A recent article on The Sietch Blog claims that Virgin Atlantic is “on the brink of collapse”. The argument is based on Sir Richard Branson’s recent statements in the press about the threat posed by the BA/AA collusion. On this, an un-named source has commented that it reflects that Virgin Atlantic is in trouble.
Whether Virgin Atlantic, and their sister companies Virgin America and Virgin Blue can ride out the storm depends on many factors, but at the moment things are not looking good for the former wunderkind of British industry. The â€œbudget house of cardsâ€ wonâ€™t stop toppling for some time yet.
Prevention is better than cure
In fact, Branson’s comments show Virgin’s preparedness for the upcoming threat and they are dealing with it head-on. Forbes Magazine revealed in an article that Branson unveiled last Friday the slogan “No Way, BA/AA,” which will be painted on the side of Virgin’s aircraft. This campaign will alert consumers to the “anti-competitive” nature of the proposed tie-up, which Virgin hopes will then indirectly put pressure on American antitrust regulators.
Virgin is a trusted brand
Virgin Atlantic is one of the few airlines in the world with a sound business model (first class service at business class prices) and an outstanding brand image. Most importantly, Branson is an icon people can relate with. Customers trust the Virgin brand, and this brings loyalty. They will not ditch a loved brand easily and Virgin is likely to further strengthen its position an industry leader once this crisis is over.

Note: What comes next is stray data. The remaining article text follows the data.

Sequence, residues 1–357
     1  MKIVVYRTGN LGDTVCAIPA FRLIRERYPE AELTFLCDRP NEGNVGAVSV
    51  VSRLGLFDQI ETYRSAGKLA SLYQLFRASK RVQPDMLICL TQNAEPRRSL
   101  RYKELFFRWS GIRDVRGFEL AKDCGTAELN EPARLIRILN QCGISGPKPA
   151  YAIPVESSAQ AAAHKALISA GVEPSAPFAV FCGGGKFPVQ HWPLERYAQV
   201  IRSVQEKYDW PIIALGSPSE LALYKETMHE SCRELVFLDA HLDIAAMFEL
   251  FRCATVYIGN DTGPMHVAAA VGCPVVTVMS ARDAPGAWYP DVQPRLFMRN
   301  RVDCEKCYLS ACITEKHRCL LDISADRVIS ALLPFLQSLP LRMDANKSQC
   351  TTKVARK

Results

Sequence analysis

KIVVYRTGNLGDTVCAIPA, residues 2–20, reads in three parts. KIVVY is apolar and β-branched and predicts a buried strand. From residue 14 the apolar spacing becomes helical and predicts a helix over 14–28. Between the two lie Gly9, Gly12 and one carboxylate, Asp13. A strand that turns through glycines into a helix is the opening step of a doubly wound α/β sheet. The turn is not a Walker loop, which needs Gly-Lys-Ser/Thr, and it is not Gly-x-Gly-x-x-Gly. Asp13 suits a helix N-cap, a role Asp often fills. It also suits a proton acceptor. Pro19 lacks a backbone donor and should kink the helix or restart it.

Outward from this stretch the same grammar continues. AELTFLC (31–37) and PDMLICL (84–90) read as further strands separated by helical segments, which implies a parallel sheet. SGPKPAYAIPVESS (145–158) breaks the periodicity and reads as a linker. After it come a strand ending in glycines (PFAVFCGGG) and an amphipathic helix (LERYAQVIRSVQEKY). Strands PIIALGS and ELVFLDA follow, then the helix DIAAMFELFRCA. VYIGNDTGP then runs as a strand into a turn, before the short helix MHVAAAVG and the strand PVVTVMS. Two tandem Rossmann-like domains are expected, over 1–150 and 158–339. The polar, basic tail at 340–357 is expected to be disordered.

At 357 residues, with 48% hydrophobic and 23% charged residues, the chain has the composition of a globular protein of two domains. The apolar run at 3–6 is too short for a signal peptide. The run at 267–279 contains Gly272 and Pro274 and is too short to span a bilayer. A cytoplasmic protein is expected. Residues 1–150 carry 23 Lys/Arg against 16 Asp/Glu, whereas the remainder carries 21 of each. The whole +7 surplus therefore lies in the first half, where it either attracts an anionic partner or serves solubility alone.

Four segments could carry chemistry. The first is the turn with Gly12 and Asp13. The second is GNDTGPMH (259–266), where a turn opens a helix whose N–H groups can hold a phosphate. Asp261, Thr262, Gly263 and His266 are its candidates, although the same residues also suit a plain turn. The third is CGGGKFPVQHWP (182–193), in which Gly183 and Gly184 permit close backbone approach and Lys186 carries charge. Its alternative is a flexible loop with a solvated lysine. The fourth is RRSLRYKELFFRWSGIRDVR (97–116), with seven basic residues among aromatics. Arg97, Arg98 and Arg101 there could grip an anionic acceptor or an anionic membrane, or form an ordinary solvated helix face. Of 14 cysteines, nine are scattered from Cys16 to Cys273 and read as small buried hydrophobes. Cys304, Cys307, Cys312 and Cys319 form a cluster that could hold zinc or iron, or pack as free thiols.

Let’s think of a simple scenario. If given a choice, would a business traveler fly across the Atlantic on an old American Airlines plane with service quality not even close to that of Virgin? Or would he rather fly Virgin Atlantic, having their great in-flight product and service coupled with a luxurious lounge (shown below)?Â The difference in the brand experience is so huge that customers would think twice before switching loyalties.
Hence, it is a stretch of imagination to say that Virgin Atlantic is “on the brink of collapse”. What do you think? Can a strong brand support a business in bad times? Is Virgin Atlantic indeed in trouble? Or are we thinking too much? Let’s discuss…